This week on Rich and Strange we head over to Clarkesworld, a venue that became one of my early favourites for online reading but that I’ve inexplicably been neglecting recently, to read Dominica Phetteplace’s “No Vera There.”
Full Disclosure: I had never read or heard of Dominica Phetteplace before her good friend Christopher Caldwell recommended this story on Twitter. Christopher Caldwell is also my good friend and I have eaten his jambalaya, which is superb.
As it happens, so is this story.
“No Vera There” is one of those stories that simultaneously engages parts of my brain that appreciate very different things: in this case narrative and structure. There’s something supremely satisfying about a story where form follows function before using form to reflect on that function. In this case, Vera is a piece of a human consciousness that’s been uploaded to a cloud and then imperfectly downloaded into a body again, trying to piece her memories and sense of self together through the medium of internet-era quizzes.
The writing hooked me immediately: it’s dynamic, tongue-in-cheek, delightfully surreal and high stakes all at once. It reminded me, favourably, of some of Benjamin Rosenbaum’s work in The Ant King and Other Stories, deliciously engaged with interrogating and appreciating the incidental culture saturating our present moment.
What type of sudoku puzzle are you?
You are a black belt puzzle. You are practically unsolvable.
What type of heart do you have?
A red hot heart. It tastes like cinnamon.
What Tarot card are you?
The fool. You are starting over.
What type of white girl are you?
Cool white girl. Everyone wants to be you.
Vera wasn’t sure how to interpret these “quiz” results, if that’s what they really were. She didn’t know sudoku, cinnamon or Tarot. She didn’t know what a white girl was, though if you had to be one, might as well be a cool one.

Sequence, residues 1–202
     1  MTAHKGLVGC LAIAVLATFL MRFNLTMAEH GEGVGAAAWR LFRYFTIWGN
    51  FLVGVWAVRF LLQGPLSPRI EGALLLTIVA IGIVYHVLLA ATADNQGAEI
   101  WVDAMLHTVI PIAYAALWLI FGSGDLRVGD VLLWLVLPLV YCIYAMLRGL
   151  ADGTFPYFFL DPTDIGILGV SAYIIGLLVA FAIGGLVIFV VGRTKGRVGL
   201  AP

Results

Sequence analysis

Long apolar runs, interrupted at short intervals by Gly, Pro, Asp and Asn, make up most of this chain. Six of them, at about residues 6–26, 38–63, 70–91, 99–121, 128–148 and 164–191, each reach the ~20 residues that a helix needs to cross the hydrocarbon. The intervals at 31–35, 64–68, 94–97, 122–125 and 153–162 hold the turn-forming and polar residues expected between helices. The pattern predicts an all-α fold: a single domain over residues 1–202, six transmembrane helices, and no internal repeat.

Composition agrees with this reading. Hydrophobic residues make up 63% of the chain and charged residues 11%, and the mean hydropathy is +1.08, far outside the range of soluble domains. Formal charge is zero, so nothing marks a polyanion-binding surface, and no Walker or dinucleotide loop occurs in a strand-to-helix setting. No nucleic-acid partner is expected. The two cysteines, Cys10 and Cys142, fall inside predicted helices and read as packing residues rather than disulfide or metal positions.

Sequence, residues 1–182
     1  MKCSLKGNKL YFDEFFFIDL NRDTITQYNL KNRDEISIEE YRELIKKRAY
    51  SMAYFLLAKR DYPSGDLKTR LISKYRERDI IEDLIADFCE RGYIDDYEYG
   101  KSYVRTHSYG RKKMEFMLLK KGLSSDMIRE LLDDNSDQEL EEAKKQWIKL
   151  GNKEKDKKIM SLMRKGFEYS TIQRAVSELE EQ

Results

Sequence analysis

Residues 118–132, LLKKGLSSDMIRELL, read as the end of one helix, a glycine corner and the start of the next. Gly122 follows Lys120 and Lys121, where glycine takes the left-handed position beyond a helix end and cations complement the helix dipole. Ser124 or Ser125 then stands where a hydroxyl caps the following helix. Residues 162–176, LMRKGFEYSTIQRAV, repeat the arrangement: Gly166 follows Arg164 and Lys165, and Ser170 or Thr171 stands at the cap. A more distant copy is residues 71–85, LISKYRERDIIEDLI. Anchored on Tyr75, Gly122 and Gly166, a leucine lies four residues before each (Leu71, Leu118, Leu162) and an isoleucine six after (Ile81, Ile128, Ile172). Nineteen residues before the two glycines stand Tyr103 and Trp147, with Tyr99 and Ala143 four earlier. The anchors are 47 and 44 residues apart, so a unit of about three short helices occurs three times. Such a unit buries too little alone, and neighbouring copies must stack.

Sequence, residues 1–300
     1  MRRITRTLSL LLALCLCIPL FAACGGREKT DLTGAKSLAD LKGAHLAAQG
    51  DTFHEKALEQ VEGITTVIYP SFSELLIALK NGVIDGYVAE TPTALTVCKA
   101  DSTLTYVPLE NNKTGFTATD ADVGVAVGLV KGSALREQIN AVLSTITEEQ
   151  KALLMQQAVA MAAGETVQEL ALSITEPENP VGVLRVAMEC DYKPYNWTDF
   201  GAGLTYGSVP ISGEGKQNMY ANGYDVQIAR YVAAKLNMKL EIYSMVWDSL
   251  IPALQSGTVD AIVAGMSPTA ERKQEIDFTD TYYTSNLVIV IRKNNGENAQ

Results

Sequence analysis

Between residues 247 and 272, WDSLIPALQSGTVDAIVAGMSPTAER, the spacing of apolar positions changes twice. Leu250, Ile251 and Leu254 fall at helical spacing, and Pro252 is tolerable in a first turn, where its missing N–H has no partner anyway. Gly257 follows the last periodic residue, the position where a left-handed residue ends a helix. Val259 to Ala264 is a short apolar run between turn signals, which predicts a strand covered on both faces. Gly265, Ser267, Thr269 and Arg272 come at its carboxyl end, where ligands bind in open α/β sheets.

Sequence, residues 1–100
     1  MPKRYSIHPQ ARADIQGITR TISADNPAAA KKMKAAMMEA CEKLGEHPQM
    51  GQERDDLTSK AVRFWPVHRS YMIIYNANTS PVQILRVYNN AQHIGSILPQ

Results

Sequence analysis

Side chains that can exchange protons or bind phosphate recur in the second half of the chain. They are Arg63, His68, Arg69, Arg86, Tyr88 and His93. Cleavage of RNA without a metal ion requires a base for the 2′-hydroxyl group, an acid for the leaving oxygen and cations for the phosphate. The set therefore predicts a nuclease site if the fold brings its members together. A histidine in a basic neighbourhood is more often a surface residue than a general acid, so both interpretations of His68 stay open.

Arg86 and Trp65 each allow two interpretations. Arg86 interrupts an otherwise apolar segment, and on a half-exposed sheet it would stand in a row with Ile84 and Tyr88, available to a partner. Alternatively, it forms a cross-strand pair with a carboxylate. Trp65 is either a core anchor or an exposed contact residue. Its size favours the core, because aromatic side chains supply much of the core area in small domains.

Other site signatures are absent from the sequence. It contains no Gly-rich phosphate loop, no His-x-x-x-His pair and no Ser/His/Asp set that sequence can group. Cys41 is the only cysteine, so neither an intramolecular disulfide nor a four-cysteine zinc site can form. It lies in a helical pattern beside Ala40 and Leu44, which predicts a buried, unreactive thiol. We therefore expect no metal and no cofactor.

The beautiful irony of Vera needing to learn herself through quizzes that we all more or less acknowledge tell us nothing about ourselves sustains a plot to which hacker cults and the Singularity are completely incidental. The tension comes from Vera’s interaction with quizzes, her thoughts, the other 200 fragmented copies of Vera 0.0, and eventually Vera 0.0 herself. The richness of this—quizzes that give you the most bafflingly esoteric views into your self one animal, food item, or old song at a time becoming the means to developing your individuality among flawed copies of an original—is confidently and wonderfully explored. It’s an intricate, fractally poignant story, that ultimately resolves into the metaphor of a pearl:
What type of pearl are you?
#201 was a baroque pearl, beautiful despite being misshapen. The other downloads found her, and eventually her main clientele was her cohort of others. […] They liked the quizzes because the quizzes made them feel like individuals. Otherwise there was a tendency to feel like a small lump of clay broken off from a larger and better one.
A pearl, a tiny piece of roughage around which a shape and identity accrete (all while, in hilariously story-appropriate fashion, irritating a host), is the governing sense of self Vera #201 chooses, rather than something broken and diminished. The catalogue of odd things Vera #201 is—toast, brontosaurus, the “Gomotophere”—are the layers in which she dresses herself and also the grains from which she builds herself in order to give a sense of self to others. It’s beautiful, kind, and uplifting in the most endearingly odd way. I sincerely look forward to reading more of Phetteplace’s work.
Amal El-Mohtar is a sonnet, Silent Night, an Artificial Mechanical Assassination Lifeform, Han Solo, and Shakespeare’s Beatrice, according to irrefutably accurate LJ quizzes from Back in the Day. She is also the author of The Honey Month, a collection of stories and poems written to the taste of 28 different kinds of honey. She has twice received the Rhysling award for best short poem, and her short story “The Green Book” was nominated for a Nebula award. Her work has most recently appeared in Uncanny; in Lightspeed magazine’s special “Women Destroy Science Fiction” issue; and in Kaleidoscope: Diverse YA Science Fiction and Fantasy. She also edits Goblin Fruit, an online quarterly dedicated to fantastical poetry. Follow her on Twitter.